And now it’s time to flip the colors!

  • Row 11: E-wrap the entire row with yarn 2.
  • Row 12: E-wrap two pegs with yarn 2, e-wrap with yarn 1 on peg 3. E-wrap three pegs with yarn 2, and e-wrap one peg with yarn 1. Repeat 7 times. E-wrap the last peg with yarn 2
  • Row 13: Start with yarn 1 on the first peg. Then repeat 8 times the same pattern of three pegs with yarn 2 and one peg with yarn 1. E-wrap the last three pegs with yarn 2.
  • Row 14: Start with yarn 2 on the first peg. E-wrap with yarn 1 on the second peg. Continue to alternate every peg with the two colors.
  • Row 15: Same as row 13.
  • Row 16: Same as row 12. Tie off yarn 1.
  • Rows 17-20: E-wrap everything with yarn 2.

And you’re done! Here’s what you should have at this point:

loom knit fair isle beanie in progress

I hope the pattern didn’t get too muddled along the way. I accidentally left off row 16, but I thought the final beanie still looked nice as it was. It can be tough alternating strands, but the final effect is striking.

Finishing Up

Once you’ve finished knitting your rows, you can remove your hat from the loom – but don’t just pull it off the pegs! You need to prep it first.

Wrap your second colored yarn one and a half times around your loom, and cut it. Then, thread the end of the yarn through a yarn needle. Insert the needle through the bottom of your loop, and pull until the loop slides up and off the peg. Repeat with the adjacent loop, coming up through the bottom each time.

yarn needle with a loom knit fair isle beanie in progress

Once you’ve worked your way around the loom, your hat will naturally slide off. Knot and tuck in any loose ends from your yarn.

unfinished loom knit fair isle beanie off the loom

Then, pull on your secondary yarn color to cinch the top of the hat. Don’t worry about pulling your hat super tight – you’ll use your excess yarn to stitch up the hole in the top.

cinched up inside out loom knit fair isle beanie

To cover up the hole, I prefer to make an x-shaped stitch. I simply go back and forth until I’ve covered up the top. It’s okay if it’s a little messy. A Pom-pom on top can hide any mistakes. Tie a knot, trim it if needed, and then tuck the rest into the hat.

closed up inside out loom knit fair isle beanie

Flip your hat right side out, and you’ve finished the beanie portion of your Fair Isle beanie. Feel free to wear it at this point, or you can keep going with the rest of the tutorial and add a Pom-Pom.

You Can Add a Pom-Pom

With the brim being solid white, I think the hat feels a little off balance without a mostly red Pom-pom on top. My loom set came with a Pom-pom maker, so l wanted to show you how to use it to finish your Fair Isle beanie.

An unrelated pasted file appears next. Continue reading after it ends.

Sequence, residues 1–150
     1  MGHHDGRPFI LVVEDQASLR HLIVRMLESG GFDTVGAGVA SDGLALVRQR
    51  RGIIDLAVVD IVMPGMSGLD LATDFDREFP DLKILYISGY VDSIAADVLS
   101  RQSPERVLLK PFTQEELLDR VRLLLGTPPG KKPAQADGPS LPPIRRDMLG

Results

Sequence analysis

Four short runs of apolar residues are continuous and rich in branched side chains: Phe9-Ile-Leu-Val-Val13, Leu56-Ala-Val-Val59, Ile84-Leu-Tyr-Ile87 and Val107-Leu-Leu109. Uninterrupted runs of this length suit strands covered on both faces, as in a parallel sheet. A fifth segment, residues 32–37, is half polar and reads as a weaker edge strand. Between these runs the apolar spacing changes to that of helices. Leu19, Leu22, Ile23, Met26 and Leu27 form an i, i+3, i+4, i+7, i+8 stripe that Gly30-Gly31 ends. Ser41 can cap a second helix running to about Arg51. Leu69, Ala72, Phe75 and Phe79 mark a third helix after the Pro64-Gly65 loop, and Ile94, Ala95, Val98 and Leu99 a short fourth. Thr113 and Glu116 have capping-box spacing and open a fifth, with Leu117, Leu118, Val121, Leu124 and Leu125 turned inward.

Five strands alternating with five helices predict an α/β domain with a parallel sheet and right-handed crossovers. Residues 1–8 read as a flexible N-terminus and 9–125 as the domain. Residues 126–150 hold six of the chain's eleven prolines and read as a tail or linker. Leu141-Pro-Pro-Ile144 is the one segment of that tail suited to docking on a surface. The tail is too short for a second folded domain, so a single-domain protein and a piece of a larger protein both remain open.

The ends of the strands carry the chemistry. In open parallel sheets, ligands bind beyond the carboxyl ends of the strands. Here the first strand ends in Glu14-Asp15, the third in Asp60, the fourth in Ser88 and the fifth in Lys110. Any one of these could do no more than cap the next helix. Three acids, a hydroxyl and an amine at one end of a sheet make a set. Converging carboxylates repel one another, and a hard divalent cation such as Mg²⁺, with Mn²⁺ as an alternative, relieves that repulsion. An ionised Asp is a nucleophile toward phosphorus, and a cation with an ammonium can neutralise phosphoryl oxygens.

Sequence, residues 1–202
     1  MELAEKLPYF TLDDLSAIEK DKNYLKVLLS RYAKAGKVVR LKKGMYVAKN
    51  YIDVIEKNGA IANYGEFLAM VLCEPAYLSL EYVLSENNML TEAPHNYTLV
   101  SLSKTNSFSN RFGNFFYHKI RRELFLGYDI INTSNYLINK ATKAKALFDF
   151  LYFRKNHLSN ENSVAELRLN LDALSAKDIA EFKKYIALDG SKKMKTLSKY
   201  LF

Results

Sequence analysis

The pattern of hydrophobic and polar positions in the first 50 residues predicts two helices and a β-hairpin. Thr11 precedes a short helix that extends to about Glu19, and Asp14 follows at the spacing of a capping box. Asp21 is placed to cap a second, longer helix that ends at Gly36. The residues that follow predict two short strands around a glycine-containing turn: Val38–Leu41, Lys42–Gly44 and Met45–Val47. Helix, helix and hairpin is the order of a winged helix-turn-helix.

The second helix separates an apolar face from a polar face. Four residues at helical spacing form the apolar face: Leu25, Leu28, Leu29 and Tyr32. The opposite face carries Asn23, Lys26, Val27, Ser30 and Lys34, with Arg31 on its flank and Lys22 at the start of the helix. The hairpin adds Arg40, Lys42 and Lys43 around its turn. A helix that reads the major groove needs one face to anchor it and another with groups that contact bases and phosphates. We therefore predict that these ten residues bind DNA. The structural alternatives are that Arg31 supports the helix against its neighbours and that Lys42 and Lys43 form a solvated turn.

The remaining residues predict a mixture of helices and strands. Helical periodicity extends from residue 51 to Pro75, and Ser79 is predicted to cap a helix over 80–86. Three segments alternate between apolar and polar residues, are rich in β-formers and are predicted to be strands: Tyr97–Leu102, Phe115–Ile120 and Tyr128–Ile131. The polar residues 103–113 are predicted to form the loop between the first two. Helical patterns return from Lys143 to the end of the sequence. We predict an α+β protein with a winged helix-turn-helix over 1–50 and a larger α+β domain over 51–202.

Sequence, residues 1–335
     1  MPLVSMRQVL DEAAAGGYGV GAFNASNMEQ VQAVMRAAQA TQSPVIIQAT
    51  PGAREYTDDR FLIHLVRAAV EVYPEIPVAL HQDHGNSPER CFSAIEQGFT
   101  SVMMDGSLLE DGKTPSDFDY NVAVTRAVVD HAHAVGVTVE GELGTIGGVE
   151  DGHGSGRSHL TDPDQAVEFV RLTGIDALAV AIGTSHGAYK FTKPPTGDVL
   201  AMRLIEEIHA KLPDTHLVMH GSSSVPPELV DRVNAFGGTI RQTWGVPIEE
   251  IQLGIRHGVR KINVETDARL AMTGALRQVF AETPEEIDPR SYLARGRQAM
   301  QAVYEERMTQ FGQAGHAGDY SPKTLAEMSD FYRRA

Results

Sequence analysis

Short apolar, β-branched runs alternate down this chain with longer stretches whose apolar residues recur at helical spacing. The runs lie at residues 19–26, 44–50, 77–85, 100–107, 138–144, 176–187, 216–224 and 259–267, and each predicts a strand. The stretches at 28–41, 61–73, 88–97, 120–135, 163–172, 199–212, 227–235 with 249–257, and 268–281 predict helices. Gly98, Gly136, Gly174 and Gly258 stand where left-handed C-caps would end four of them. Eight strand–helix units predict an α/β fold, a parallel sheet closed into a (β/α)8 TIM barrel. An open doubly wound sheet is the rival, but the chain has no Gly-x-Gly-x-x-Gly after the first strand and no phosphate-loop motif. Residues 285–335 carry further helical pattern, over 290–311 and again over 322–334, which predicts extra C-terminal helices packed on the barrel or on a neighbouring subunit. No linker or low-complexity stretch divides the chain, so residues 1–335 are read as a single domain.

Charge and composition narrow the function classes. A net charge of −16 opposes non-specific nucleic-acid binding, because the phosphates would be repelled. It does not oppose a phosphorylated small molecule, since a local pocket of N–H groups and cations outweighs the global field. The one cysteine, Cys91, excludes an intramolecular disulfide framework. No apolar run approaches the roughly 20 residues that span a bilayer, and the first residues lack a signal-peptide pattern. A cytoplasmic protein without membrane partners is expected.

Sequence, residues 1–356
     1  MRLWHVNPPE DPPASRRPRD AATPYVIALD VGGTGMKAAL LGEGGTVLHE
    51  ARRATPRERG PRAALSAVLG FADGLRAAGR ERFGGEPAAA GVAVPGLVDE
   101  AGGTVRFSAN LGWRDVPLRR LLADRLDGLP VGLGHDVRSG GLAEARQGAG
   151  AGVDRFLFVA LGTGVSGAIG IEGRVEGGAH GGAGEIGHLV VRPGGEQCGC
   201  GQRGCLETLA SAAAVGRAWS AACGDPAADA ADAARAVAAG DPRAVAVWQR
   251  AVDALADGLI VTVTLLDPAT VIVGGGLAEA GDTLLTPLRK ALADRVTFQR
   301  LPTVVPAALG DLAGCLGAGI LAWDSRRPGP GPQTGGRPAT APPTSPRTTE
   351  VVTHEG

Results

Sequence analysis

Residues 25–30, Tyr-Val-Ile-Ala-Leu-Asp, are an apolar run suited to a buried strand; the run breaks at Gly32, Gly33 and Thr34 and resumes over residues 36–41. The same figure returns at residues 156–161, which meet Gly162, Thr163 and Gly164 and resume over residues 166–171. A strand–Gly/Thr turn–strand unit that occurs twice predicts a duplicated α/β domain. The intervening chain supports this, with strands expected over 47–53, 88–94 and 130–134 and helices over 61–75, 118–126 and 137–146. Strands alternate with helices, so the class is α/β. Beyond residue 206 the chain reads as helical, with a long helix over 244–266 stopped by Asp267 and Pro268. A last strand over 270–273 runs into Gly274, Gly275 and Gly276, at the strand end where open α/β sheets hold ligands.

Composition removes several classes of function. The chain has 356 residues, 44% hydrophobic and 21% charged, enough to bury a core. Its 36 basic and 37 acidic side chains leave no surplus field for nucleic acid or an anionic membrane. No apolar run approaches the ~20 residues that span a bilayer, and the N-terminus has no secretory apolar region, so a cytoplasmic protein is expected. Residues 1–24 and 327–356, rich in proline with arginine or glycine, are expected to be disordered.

First, wrap both colored yarn around one side (or arm) of the maker. The more you wrap, the fluffier the Pom-pom. I wrap until I can barely close the arm again. Cut the string and close the arm.

how to make a pom pom

Repeat with the other side.

how to make a pom pom

Use a sharp pair of craft scissors or a razor blade to cut down the middle of both arms of the Pom-pom maker.

how to make a pom pom

Next, grab some yarn and wrap it around the middle of the Pom-pom maker, completely encircling it. Make sure you have enough yarn to tie a knot afterward and to tie the Pom-pom to your beanie.

how to make a pom pom

Pull the yarn as tight as you can, then open the arms of the Pom-pom maker.

how to make a pom pom

Pull the pieces apart, and fluff up your Pom-pom. Use craft scissors to trim uneven bits of yarn.

how to make a pom pom

Pull the extra lengths of yarn through the top of your beanie and then tie a knot on the inside. Trim the excess as needed, and then tuck any loose ends into your hat.

loom knit fair isle beanie with pom pom

And you’re done!

Wear It. Gift It. Love It.

I had a lot of fun designing this Fair Isle beanie pattern, and I made a lot of mistakes along the way. However, I still feel pretty proud of my final hat, and I hope your hat turns out beautiful.

I know this particular pattern has a lot of floating strands inside, and though the soft yarn doesn’t bother me, I can see them bothering other people. If the yarn inside your hat bothers you, consider lining your Fair Isle beanie with fleece.

Or, if you have suggestions for improving my design or technique, pleases let me know in the comments section below or shoot me a message through my contact me page.